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Kidney Week

Abstract: SA-OR30

Re-Envisioning the APOL1 Cation Channel Structure

Session Information

Category: Genetic Diseases of the Kidneys

  • 1002 Genetic Diseases of the Kidneys: Non-Cystic

Authors

  • Thomson, Russell P., Hunter College, New York, New York, United States
  • Schaub, Charles Michael, City University of New York, The Graduate Center, New York, New York, United States
  • Lee, Penny, Hunter College, New York, New York, United States
  • Terra, Nada, Hunter College, New York, New York, United States
  • Raper, Jayne, Hunter College, New York, New York, United States
Background

Apolipoprotein L-I (APOL1) is a channel forming protein that protects humans and other primates from African trypanosome infection. African Americans have inherited common APOL1 variants with increased trypanolytic potential; however, these variants are responsible for an increased risk of kidney disease compared with other variants. Human APOL1 forms non-selective cation channels in a strictly pH dependent manner: channel formation requires acidic pH, whereas channel opening requires pH neutralization. Current APOL1 structural models rely on tenuous comparisons with unrelated channel forming proteins. Here we introduce a new model of APOL1 channel structure and topology based on functional characterization of divergent APOL1 orthologs and interspecies chimeras in a planar lipid bilayer system.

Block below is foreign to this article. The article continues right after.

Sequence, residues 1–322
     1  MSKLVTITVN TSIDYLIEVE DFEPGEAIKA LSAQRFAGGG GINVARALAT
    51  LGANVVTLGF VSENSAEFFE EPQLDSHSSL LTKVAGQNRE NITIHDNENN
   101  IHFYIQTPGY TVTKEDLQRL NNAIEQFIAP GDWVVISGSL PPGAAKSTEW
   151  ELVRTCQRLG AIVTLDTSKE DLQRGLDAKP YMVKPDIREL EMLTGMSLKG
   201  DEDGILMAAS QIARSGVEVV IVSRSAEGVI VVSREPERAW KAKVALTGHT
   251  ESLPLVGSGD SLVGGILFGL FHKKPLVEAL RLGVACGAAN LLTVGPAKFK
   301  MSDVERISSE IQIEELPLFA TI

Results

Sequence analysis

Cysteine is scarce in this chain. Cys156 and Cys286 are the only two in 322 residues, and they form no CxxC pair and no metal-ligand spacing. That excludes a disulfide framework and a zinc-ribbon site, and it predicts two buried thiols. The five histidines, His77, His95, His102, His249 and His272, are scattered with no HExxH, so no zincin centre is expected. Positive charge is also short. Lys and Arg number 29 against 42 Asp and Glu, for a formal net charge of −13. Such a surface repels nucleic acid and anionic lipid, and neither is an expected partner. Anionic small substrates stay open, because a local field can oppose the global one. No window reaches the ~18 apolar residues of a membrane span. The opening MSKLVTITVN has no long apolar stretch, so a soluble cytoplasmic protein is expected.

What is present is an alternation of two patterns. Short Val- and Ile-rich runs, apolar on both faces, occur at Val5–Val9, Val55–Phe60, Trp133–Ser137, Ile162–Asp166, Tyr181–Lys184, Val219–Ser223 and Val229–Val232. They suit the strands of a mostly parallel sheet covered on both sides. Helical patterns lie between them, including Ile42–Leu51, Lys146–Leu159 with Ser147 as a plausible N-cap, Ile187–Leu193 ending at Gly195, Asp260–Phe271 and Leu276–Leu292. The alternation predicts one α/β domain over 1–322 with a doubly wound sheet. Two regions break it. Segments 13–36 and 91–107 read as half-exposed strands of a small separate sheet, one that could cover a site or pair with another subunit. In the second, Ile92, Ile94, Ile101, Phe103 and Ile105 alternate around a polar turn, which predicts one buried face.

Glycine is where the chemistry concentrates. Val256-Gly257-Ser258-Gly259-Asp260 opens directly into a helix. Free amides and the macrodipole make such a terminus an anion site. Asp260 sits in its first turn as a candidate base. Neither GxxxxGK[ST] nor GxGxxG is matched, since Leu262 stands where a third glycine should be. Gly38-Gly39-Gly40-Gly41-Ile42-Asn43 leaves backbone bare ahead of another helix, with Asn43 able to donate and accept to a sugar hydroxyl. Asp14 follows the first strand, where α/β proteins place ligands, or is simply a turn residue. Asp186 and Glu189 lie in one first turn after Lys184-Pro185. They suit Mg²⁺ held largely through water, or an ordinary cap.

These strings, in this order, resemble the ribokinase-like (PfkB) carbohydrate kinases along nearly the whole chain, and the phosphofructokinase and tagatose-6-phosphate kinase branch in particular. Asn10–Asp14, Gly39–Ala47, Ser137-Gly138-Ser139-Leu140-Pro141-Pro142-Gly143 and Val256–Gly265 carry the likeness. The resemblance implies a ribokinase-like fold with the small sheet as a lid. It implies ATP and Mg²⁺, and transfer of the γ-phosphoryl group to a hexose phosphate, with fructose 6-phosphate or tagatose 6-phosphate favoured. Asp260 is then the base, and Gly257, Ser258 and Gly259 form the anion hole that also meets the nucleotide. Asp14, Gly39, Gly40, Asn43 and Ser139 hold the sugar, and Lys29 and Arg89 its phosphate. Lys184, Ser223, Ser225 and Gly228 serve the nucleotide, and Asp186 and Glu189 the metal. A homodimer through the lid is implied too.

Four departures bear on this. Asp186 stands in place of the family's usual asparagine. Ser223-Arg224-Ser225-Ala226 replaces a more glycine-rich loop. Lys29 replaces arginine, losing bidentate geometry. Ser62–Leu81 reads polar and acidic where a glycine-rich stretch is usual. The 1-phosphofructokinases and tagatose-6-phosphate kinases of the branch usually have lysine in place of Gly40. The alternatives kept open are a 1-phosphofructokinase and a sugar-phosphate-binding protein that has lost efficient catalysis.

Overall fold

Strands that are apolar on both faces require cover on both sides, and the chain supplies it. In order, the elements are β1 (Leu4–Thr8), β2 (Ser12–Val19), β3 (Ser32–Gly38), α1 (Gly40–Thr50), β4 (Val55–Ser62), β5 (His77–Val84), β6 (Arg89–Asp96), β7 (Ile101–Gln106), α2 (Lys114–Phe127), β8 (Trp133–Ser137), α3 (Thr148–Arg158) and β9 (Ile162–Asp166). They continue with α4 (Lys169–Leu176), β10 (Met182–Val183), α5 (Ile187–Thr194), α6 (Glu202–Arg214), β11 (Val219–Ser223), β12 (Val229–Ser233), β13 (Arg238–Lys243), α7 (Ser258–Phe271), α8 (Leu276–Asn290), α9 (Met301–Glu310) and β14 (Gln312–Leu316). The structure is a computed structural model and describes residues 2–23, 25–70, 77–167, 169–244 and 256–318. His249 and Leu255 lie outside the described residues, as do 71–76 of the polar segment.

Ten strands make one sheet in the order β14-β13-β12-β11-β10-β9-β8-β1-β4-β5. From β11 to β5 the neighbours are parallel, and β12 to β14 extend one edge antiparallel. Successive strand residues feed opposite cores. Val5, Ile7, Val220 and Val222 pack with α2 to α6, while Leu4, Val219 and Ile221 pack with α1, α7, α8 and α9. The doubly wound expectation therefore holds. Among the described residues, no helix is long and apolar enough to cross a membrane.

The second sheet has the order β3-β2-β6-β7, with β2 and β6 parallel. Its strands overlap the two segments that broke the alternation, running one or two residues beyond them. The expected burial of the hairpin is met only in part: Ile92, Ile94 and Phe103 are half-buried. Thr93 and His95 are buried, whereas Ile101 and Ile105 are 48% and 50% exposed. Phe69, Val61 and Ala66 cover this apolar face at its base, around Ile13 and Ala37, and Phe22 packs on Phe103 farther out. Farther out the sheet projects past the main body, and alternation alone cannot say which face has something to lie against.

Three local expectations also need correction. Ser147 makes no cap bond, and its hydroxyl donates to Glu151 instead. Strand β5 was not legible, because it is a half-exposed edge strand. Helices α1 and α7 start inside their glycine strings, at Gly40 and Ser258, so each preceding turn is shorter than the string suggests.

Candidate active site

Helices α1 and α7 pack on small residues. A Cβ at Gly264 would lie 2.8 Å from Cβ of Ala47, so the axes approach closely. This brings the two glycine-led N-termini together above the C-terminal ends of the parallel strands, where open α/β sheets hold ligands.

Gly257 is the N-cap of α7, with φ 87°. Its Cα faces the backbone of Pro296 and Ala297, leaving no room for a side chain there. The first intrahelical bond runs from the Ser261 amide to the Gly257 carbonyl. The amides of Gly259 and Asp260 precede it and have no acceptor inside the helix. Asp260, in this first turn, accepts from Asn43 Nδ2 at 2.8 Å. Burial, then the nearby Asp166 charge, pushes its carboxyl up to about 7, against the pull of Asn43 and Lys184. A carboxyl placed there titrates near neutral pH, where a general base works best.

Methods

We tested interspecies APOL1 chimeras and point mutations in planar lipid bilayers to identify molecular determinants of pH dependence and ion selectivity.

Results

Strikingly, we demonstrate that cation conductance depends on the C-terminal domain, rather than the N-terminal region as previously suggested, with both pH gating and selectivity functions largely governed by a single residue - aspartate-348. Dual substitution of Asp-348 and nearby glutamate-355 eliminated pH gating, with tyrosine-351 having a steric influence. Acidic residues within a putative hairpin region (residues 177-228) affected the pH-dependence of channel formation.

Conclusion

Based on these data we present a radically updated domain structure of APOL1, including a putative 4-pass transmembrane topology and a pore-lining helix near the C-terminus (see Image abstract). We propose a mechanism of channel gating based on dual proton-sensing residues (Asp-348 and Glu-355) within the pore-lining helix, with Asp-348 also determining selectivity for cations over anions.

(A) Domain structure. (B) Topology model and pore-lining helix. (C) Model of the pore. Two APOL1 subunits (S1 and S2) are brought into apposition via the C-terminal leucine zipper domain.

Funding

  • Other U.S. Government Support